Only on their ubiquitous billboards and their badly-dubbed adverts were the biggest stars in football present at the climax of the World Cup. It was difficult to move in Russia without sight of Cristiano Ronaldo, Lionel Messi and Neymar, the three most famous footballers in the world, promoting crisps, banks, soft drinks, mobile phone packages or whatever else.
But as the football tapered down to the most serious teams, and Sunday’s final, those three superstars were miles away from the action. Messi was relaxing with his family in Ibiza. Ronaldo was in Turin, unveiled as a Juventus player. Neymar was back at home in Rio de Janeiro, uploading to Instagram proof of his many other successes, from Counter Strike to the basketball court.
It certainly stood out, compared to Ronaldo’s ultimate triumph at Euro 2016, and how winning the World Cup in Brazil felt like a personal quest for both Neymar and Messi. This is how football is explained and sold to us now, a drama in which the actors are all individuals, and almost everything that happens is a function of their brilliance and will.
This is why the Ballon d’Or is now seen as more prestigious than almost any genuine football tournament. And those tournaments themselves are sold to us as being the means to that end, as if the only point in lifting a trophy with your team in May is so that you can hold the golden ball by yourself in Paris seven months later. Ronaldo and Messi have shared the last 10 Ballons d’Or between the two of them, seven of those going to the man who has just won the Champions League.
This World Cup felt like a repudiation of all that. Maybe not at the start, when Ronaldo scored his hat-trick against Spain, or when Messi responded with that unique goal against Nigeria in St Petersburg. But certainly at the important end, where history is made, nothing. Ronaldo was powerless as Portugal lost to Uruguay. Messi could only stand and watch as Argentina were ripped apart by France. Neymar scored a tap-in against Mexico but did nothing against Belgium in the quarter-final. All very different from seeing those players shred opposition to pieces for their clubs.
So why the disparity? Why is the biggest show on earth such infertile ground for the biggest showmen? With all due respect to Luka Modric and Kylian Mbappe, the many World Cup profiteers would never have wanted it this way.
This is the fundamental difference between the club and international game. The top forwards all rely on carefully calibrated supply lines to perform the way they do for their clubs. Teams that take years and hundreds of millions of investment to build. And with coaching directed to make sure that every part, in every scenario, comes together to serve the star. These industries for the elevation of one player is why they can score as many as they do.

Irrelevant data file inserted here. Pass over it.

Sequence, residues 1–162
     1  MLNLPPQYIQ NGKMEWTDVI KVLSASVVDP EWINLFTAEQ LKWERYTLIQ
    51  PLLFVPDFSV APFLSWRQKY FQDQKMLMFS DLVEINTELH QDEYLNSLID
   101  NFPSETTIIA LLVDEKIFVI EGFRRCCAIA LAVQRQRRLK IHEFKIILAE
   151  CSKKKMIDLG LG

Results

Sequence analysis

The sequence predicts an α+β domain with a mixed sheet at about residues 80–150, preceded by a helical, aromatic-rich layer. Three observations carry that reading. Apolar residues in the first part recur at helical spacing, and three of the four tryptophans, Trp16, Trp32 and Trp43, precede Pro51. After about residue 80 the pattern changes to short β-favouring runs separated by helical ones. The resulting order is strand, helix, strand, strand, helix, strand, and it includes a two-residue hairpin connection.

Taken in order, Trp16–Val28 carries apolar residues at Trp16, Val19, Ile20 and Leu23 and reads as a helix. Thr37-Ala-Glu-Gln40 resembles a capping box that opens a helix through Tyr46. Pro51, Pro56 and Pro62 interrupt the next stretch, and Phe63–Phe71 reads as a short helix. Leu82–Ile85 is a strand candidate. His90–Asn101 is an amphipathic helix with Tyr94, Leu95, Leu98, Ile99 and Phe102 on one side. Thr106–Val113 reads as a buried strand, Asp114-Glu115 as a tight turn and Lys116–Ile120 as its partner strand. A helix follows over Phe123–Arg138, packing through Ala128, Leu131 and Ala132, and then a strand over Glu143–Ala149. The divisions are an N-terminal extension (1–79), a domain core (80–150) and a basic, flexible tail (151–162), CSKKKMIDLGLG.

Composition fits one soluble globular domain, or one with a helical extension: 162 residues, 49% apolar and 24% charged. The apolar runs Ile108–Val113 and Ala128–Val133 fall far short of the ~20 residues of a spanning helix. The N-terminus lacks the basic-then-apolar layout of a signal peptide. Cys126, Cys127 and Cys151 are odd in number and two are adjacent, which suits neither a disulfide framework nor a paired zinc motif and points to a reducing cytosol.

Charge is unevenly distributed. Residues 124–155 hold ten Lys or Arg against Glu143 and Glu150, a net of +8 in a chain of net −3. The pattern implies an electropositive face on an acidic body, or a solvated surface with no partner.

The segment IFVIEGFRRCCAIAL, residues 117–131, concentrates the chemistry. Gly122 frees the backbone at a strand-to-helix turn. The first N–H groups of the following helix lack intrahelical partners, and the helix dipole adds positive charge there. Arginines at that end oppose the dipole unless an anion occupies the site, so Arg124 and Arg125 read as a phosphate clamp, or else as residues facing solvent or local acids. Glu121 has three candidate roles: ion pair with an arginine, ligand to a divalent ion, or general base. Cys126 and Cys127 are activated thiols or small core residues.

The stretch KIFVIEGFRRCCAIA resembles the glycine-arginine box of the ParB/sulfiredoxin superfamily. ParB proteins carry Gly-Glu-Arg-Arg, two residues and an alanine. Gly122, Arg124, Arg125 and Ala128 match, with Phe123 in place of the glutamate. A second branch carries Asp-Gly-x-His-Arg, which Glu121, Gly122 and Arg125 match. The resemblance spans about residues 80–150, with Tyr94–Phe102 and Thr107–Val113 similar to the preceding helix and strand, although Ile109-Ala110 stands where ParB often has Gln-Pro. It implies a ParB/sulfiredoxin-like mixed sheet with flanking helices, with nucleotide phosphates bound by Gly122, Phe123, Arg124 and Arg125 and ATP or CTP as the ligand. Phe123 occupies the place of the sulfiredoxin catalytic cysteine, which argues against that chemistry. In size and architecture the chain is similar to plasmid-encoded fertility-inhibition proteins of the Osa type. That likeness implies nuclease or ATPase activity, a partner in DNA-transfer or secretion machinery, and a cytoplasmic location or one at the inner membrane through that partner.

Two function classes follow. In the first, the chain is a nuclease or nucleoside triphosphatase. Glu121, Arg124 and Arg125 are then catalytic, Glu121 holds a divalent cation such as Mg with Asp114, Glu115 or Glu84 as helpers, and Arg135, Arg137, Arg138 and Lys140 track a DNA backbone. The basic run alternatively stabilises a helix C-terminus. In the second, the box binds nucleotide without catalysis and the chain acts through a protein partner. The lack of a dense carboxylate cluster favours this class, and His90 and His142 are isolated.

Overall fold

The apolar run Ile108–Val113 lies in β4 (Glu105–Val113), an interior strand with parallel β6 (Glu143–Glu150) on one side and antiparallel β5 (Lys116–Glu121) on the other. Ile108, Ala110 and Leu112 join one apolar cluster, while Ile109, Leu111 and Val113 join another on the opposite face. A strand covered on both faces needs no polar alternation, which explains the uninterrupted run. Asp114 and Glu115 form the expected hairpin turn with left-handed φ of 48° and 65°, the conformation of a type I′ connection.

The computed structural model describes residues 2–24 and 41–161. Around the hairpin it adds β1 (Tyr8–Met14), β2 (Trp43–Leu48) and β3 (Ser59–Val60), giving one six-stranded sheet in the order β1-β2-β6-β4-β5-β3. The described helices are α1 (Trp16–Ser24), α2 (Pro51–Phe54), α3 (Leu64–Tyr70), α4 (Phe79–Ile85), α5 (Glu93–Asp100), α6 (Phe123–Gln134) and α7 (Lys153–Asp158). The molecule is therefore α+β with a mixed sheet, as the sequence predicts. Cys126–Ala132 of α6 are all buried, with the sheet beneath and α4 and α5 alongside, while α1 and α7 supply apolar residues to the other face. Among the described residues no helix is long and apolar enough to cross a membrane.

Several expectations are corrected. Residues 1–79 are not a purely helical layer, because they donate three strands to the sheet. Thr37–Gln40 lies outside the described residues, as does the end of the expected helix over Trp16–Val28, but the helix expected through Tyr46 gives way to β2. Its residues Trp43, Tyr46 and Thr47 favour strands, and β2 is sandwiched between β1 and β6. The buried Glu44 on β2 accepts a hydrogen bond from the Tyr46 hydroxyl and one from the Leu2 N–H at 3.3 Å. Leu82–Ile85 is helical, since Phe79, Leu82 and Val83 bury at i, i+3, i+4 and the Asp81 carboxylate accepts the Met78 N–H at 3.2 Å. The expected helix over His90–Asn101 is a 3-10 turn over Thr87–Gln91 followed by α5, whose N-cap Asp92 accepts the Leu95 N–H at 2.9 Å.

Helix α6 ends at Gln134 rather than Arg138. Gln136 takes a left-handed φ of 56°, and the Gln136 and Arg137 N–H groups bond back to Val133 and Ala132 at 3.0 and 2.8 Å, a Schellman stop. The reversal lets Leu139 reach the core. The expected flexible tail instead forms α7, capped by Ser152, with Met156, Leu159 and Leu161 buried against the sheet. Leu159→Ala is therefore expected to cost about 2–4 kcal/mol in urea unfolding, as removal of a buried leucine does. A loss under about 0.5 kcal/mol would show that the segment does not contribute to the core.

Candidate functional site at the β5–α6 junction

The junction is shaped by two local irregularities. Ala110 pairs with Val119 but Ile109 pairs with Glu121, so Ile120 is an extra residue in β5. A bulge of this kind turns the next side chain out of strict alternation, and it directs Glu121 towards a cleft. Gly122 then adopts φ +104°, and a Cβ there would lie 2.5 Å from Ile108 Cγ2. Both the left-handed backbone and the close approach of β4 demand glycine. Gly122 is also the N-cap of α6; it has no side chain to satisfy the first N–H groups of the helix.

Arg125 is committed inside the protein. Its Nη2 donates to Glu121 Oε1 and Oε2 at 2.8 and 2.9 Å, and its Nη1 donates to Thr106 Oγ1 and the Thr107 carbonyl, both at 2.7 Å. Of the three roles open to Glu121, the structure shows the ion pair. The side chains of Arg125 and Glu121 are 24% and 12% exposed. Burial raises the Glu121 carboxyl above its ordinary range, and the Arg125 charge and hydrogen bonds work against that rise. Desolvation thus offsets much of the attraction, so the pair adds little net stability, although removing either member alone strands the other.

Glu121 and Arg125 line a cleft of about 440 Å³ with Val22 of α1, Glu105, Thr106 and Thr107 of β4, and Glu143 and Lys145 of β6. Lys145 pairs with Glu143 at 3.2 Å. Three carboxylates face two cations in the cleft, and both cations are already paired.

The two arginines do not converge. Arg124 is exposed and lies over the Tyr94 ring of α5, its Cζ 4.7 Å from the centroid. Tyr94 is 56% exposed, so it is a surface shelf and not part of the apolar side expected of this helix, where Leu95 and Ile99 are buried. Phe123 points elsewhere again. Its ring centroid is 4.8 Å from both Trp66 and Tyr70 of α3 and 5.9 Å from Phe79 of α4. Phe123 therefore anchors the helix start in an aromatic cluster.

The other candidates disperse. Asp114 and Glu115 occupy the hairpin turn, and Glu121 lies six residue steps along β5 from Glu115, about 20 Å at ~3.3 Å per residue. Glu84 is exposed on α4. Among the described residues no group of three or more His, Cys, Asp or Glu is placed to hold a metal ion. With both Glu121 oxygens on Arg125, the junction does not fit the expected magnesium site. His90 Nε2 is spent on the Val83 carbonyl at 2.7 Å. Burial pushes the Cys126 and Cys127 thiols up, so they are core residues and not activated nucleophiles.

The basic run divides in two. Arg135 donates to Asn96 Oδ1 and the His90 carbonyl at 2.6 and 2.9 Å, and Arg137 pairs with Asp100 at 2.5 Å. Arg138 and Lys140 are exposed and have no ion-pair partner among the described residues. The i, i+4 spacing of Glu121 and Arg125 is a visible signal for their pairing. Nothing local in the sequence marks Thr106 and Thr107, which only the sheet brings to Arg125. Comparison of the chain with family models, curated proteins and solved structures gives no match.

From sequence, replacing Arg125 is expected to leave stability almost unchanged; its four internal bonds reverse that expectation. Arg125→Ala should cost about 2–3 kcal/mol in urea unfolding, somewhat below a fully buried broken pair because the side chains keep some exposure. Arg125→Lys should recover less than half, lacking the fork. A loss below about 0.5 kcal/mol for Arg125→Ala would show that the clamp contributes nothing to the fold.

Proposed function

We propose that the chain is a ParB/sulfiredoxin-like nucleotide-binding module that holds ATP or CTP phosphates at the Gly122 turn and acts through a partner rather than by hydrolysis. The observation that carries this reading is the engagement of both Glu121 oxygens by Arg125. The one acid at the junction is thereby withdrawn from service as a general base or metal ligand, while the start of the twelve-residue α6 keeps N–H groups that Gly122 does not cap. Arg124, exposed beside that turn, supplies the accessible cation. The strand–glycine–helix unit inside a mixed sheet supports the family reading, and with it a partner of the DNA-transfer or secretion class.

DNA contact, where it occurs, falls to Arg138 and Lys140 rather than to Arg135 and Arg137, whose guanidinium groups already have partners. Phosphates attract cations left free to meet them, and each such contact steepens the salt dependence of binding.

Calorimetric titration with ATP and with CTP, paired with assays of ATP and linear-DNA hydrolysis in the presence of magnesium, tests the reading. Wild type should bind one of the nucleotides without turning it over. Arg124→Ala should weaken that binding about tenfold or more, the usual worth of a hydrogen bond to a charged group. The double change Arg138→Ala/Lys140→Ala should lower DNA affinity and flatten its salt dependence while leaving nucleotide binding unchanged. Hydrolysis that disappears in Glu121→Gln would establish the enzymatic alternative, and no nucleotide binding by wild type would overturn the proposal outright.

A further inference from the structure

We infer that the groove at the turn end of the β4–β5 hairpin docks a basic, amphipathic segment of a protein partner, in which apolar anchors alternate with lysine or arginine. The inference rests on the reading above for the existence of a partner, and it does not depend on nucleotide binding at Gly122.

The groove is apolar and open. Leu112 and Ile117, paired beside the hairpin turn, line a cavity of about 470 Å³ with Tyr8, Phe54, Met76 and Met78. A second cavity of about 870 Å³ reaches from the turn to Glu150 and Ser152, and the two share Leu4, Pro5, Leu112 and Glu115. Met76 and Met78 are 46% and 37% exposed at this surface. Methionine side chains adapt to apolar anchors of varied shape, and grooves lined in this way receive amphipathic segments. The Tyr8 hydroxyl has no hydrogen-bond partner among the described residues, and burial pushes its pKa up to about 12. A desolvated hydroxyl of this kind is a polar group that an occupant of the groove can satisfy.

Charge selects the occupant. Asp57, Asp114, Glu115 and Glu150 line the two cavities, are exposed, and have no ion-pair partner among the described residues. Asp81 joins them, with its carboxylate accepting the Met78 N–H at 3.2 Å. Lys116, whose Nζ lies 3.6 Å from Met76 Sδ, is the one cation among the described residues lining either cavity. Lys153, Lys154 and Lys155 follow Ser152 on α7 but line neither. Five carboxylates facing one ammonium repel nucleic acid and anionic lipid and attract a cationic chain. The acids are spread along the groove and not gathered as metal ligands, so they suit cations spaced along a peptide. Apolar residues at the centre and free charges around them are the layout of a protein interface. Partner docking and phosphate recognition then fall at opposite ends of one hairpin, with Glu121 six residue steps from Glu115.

Step into international football and that same platform just cannot be built. Argentina have spent years trying to extract the best from Lionel Messi and it has never worked. This summer he was effectively in charge, with Jorge Sampaoli embarrassingly powerless and supine his presence. But how can you make up for the limitations of his team-mates? Or the fact that, nationality aside, they are effective strangers compared to the players he trains with every day at Barcelona? Anything like the same productivity is almost impossible to re-create in the reduced timescales of international football. Even Cristiano Ronaldo’s performances at Euro 2016, held up as the crowning moment of his career, and as an example to Messi, where uncharacteristically barren: three goals in seven games.
Building a proper attack is almost impossible, then, but building a proper defence is not. The evidence of the last few tournaments is that it is far easier to over-achieve through defensive organisation than expansive football. That was the lesson of Greece at Euro 2004 and it has held true ever since.
In the aftermath of victory late on Sunday night, Didier Deschamps explained that he had never seen another World Cup like this, so difficult for individual talent to shine through. “I have never seen or lived through such a World Cup,” Deschamps explained. “There was such a levelling towards the top. The small teams arrived very, very well prepared, athletically, with defensive systems that were easier to implement. That hurt other countries. And teams with the most possession and control were punished by fast forwards [on the break]. I don’t know if this was a beautiful World Cup, there were crazy scenarios sometimes. But this was a World Cup very, very tough athletically, and intense.”
This is why the best players at the World Cup were those determined to knit their team together - Modric and Kevin De Bruyne - rather than those whose successes depended on that being done for them.
So as our daily experience of the club game becomes increasingly individualised, and we hope for superheroes to determine games by themselves, the international game remains stubbornly, even increasingly collectivised. Club football has found a way to pretend this is an individual sport, but international football has not got there yet. Even though that leaves the brightest stars on the wrong side of the planet for the biggest game in the world.
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